Unless you’re planning on using a USB SSD as your system drive, its performance with random 4KB reads and writes isn’t nearly as important as how it handles real-world file transfers. To test this capability, I copied nearly 7GB worth of data to and from each USB drive. The data included movies, MP3s, application files, and a chunk of my TR work folder. A Crucial RealSSD C300 was used as the source and target disk to extract as much speed as possible from each USB drive.
The Kingston SSD only has a 9MB/s lead over the Super Talent with reads. Writes are a different story, with the HyperX outpacing the RAIDDrive by a huge margin.
Curious to see how the drives handled a quick torture test, I hammered them with 4KB random writes for half an hour before running our copy tests once more. The HyperX only lost 5MB/s of write performance, while the RAIDDrive’s transfer rate was cut almost in half. Clearly, Kingston has the more resilient solution. (Read speeds were unaffected by our torture test.)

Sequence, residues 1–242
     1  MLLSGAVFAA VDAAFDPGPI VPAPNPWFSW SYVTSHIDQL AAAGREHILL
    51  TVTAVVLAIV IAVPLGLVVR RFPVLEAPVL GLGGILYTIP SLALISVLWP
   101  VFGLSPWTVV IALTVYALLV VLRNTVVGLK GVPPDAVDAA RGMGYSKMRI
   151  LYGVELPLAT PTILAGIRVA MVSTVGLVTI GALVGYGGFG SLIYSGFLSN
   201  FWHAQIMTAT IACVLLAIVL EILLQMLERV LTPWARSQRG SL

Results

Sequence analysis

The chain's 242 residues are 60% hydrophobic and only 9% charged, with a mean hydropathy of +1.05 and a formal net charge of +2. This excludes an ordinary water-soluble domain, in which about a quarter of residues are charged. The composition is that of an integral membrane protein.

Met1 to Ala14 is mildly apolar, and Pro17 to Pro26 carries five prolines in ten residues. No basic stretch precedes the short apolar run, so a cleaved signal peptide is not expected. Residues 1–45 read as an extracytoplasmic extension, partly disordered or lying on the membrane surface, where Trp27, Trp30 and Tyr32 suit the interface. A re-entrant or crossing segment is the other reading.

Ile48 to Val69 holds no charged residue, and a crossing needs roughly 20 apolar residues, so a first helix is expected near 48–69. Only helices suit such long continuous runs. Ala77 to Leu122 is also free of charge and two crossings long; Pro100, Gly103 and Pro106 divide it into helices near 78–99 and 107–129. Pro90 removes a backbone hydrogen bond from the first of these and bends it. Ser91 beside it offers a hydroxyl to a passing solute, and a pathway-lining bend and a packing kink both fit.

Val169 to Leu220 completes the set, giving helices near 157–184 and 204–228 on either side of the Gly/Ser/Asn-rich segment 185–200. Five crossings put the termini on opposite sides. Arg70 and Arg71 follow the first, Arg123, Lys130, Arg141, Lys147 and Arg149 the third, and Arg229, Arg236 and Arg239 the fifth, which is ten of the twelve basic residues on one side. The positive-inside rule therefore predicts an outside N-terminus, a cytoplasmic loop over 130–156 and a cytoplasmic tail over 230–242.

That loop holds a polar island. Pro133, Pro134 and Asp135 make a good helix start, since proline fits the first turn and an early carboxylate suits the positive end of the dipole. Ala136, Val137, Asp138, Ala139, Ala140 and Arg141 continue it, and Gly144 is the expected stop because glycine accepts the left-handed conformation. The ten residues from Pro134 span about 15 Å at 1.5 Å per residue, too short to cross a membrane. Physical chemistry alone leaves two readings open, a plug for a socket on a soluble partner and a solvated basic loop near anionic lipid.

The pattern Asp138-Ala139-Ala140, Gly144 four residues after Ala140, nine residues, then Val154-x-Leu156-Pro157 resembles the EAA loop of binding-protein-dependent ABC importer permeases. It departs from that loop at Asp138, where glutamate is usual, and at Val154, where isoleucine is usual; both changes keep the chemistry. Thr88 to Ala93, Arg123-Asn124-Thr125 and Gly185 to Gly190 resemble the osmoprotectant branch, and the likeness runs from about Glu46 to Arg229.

With a street price of $320 online, the HyperX Max 3.0 is definitely an expensive proposition. That’s to be expected from a solid-state drive with a fancy new interface. However, I didn’t expect the price gap between the HyperX and its 2.5″ SATA counterpart to be so wide. An SSDNow V+100 with the same capacity is currently selling for only $264, making the difference between them much more than the cost of an external enclosure. The HyperX is a little smaller than any external solution you can put together yourself, but the price difference irks me nonetheless. The fact that OCZ’s Enyo offers a similarly slick casing and an identical capacity for only $290 certainly doesn’t help.
USB 3.0 solid-state drives are definitely a luxury items, so the folks buying them probably aren’t overly price sensitive. If you’re in the market for a shock tolerant, high-performance external drive with USB 3.0 connectivity, the HyperX Max 3.0 is a pretty good option—it’s just one of the more expensive ones.